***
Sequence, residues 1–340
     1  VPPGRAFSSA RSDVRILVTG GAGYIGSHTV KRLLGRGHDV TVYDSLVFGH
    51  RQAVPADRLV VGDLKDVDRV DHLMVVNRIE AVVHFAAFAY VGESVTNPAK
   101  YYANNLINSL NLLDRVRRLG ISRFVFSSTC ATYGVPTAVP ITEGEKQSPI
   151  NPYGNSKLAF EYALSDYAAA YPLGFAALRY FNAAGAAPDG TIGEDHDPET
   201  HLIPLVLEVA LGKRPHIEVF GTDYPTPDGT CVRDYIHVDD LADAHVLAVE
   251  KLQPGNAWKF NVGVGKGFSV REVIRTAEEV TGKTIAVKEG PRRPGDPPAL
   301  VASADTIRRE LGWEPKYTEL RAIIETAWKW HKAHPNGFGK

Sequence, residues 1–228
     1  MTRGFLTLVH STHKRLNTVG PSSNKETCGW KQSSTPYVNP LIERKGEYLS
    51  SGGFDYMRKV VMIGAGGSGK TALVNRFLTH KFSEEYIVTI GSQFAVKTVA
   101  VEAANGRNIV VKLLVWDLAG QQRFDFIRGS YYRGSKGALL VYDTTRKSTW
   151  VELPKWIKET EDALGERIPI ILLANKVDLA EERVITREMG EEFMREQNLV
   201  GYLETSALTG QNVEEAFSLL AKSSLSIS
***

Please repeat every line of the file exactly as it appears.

Sequence, residues 1–340
     1  VPPGRAFSSA RSDVRILVTG GAGYIGSHTV KRLLGRGHDV TVYDSLVFGH
    51  RQAVPADRLV VGDLKDVDRV DHLMVVNRIE AVVHFAAFAY VGESVTNPAK
   101  YYANNLINSL NLLDRVRRLG ISRFVFSSTC ATYGVPTAVP ITEGEKQSPI
   151  NPYGNSKLAF EYALSDYAAA YPLGFAALRY FNAAGAAPDG TIGEDHDPET
   201  HLIPLVLEVA LGKRPHIEVF GTDYPTPDGT CVRDYIHVDD LADAHVLAVE
   251  KLQPGNAWKF NVGVGKGFSV REVIRTAEEV TGKTIAVKEG PRRPGDPPAL
   301  VASADTIRRE LGWEPKYTEL RAIIETAWKW HKAHPNGFGK

Sequence, residues 1–228
     1  MTRGFLTLVH STHKRLNTVG PSSNKETCGW KQSSTPYVNP LIERKGEYLS
    51  SGGFDYMRKV VMIGAGGSGK TALVNRFLTH KFSEEYIVTI GSQFAVKTVA
   101  VEAANGRNIV VKLLVWDLAG QQRFDFIRGS YYRGSKGALL VYDTTRKSTW
   151  VELPKWIKET EDALGERIPI ILLANKVDLA EERVITREMG EEFMREQNLV
   201  GYLETSALTG QNVEEAFSLL AKSSLSIS